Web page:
The Suez is flowing and the first ships have begun making their way through the Suez Canal, almost a week after the 20,388 teu Ever Given was grounded. Shipping forwarders with cargo awaiting entry to the canal could be looking at weeks of supply chain disruption.
There are 357 vessels of all types waiting to transit the Suez. Estimates vary from weeks to months as to how long it will take to clear the backlog. As more vessels either reach the Suez or re-route around Africa, these estimates are subject to change. In addition to delays, the ripple effects of the week-long closure on global capacity and equipment are also considerable. The capacity taken up by vessels at anchor outside the canal or re-routing via South Africa is enormous. Vessels making a return trip via the Cape can take up to an additional 26 days.
These longer transit times equate to 6% of global capacity or 74 ultra-large 20,000 TEU container vessels. The capacity absorbed by the canal blockage will have an impact across the globe. Space and equipment shortages will impact all trade lanes, as carriers re-allocate vessels to locations with the greatest need.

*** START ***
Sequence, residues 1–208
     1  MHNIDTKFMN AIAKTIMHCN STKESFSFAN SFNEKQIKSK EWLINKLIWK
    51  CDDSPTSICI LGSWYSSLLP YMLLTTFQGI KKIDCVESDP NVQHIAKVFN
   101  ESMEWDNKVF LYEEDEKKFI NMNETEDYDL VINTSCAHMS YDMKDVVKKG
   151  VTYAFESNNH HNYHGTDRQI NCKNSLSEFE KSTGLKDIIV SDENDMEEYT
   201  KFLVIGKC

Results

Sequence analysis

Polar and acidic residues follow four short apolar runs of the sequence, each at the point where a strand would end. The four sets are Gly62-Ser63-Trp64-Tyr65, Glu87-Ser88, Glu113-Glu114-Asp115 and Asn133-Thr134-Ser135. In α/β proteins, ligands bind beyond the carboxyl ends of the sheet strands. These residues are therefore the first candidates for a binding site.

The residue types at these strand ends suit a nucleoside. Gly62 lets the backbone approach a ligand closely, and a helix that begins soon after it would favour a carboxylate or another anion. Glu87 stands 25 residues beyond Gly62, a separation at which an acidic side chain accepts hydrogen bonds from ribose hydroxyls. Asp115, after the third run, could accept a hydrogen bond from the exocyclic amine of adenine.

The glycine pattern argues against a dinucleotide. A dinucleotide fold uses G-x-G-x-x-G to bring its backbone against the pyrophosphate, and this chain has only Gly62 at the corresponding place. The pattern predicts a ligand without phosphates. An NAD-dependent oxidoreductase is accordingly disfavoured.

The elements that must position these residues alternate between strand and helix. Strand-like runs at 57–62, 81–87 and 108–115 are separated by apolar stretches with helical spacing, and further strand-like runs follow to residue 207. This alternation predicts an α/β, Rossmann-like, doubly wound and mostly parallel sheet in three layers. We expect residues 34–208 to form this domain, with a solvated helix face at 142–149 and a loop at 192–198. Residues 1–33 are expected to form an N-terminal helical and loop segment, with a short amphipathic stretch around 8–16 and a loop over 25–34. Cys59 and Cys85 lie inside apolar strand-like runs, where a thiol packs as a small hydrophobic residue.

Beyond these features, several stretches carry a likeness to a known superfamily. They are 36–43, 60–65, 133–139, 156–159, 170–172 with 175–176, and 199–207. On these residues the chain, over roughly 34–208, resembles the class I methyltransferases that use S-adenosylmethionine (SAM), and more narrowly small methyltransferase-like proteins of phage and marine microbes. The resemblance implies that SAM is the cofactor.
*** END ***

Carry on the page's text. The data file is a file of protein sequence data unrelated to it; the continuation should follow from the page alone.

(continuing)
With direct air freight space from Europe hard to come by and rates still high, importers are stuck with a choice between unsustainable transit times and crippling freight rates. Magellan Logistics has developed an Air/Sea option that has seen many clients manage their demand throughout the pandemic. Suitable for non-urgent airfreight or urgent sea freight, our Air/Sea option reduces overall air transportation costs by at least 50% and cuts sea transit times in half.